Continuing our Missions Essentials series, this month’s Serve is written by Mary Amesbury, Campus Bible Fellowship International missionary at Cleveland State University.
The world is interconnected and GenZ is leading the way through digital platforms that bring people together. I’ve seen this in greater ways as I plan digital communications to connect with my students during this stay-at-home season. As a member of GenZ, you are globally minded and comfortable with diversity. You want your life to make a difference on a global scale. Maybe you’re feeling a greater pull that way as you watch the suffering of people around the world right now.
Baptist Mid-Missions’ core values fit right in with this global mindset. Baptist Mid-Missions’ Core Value #2 is Global Outreach: God wants every person to hear the biblical plan of salvation and to be discipled to fulfill the LORD’s commands.
“But you shall receive power when the Holy Spirit has come upon you; and you shall be witnesses to Me in Jerusalem, and in all Judea and Samaria, and to the end of the earth” (Acts 1:8).
The Good News of Jesus Christ is for the whole world—for every individual, in every country, in every language. Missions is costly, it is inconvenient and hard, and sometimes results are slow in coming. Yet because Jesus is a reality and His return is a reality, we must have an urgency to go and connect with the 7.8 billion people in this world who need to hear of the God who loves them, takes away their sin, and reconciles them to Himself.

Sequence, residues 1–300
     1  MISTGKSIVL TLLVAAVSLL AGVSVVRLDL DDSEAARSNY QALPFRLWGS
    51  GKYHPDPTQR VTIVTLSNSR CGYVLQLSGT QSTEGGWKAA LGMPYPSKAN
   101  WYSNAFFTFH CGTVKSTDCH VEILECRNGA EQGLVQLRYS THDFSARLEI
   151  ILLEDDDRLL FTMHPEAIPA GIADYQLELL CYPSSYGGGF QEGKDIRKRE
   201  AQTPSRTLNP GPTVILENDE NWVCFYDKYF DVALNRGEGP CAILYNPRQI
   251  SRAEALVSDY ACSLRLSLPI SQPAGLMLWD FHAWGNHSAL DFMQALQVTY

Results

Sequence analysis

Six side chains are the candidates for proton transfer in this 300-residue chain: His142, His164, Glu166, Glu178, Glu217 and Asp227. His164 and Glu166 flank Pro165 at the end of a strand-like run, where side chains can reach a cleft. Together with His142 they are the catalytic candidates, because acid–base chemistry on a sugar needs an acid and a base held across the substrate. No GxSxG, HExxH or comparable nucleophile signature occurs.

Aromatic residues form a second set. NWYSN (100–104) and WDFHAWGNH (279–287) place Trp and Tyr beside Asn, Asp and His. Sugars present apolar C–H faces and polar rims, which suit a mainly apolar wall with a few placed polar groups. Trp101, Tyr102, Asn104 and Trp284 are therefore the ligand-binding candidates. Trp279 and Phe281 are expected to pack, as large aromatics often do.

“All nations whom You have made shall come and worship before You, O Lord, and shall glorify Your name. For You are great, and do wondrous things; You alone are God” (Psalm 86:9-10).
Global mindedness is built into Baptist Mid-Missions’ campus ministry—Campus Bible Fellowship International. CBFI has a unique ministry to the world through the evangelization and discipleship of international students. Many international students in the US are from countries completely or partially closed to missionaries. Missionary work within some of these countries is severely hindered because conversion to Christianity is illegal. But here in the US, international and American students are granted a rare opportunity to investigate for themselves the claims of Jesus.
Noor (not her real name) came from Saudi Arabia to study English and nursing. I became her English Conversation Partner and friend. One day Noor came to my CBFI information table at the university. I asked her how her classes were going. She responded that she was taking a religion class and that the day before they had been discussing salvation. I asked her if I could tell her what Christians believe about salvation. She nodded enthusiastically, and that began a lengthy discussion about what Christians believe and the hope that we have for eternal life. Noor lamented that in Islam one cannot know if they have done enough good works to merit heaven. People just have to try their best and hope that God will be merciful on the day of their death.
Christians have a sure hope. Will you be one to share that hope with the world?
If you share these values, BMM would love to talk to you about advancing the gospel in these important days.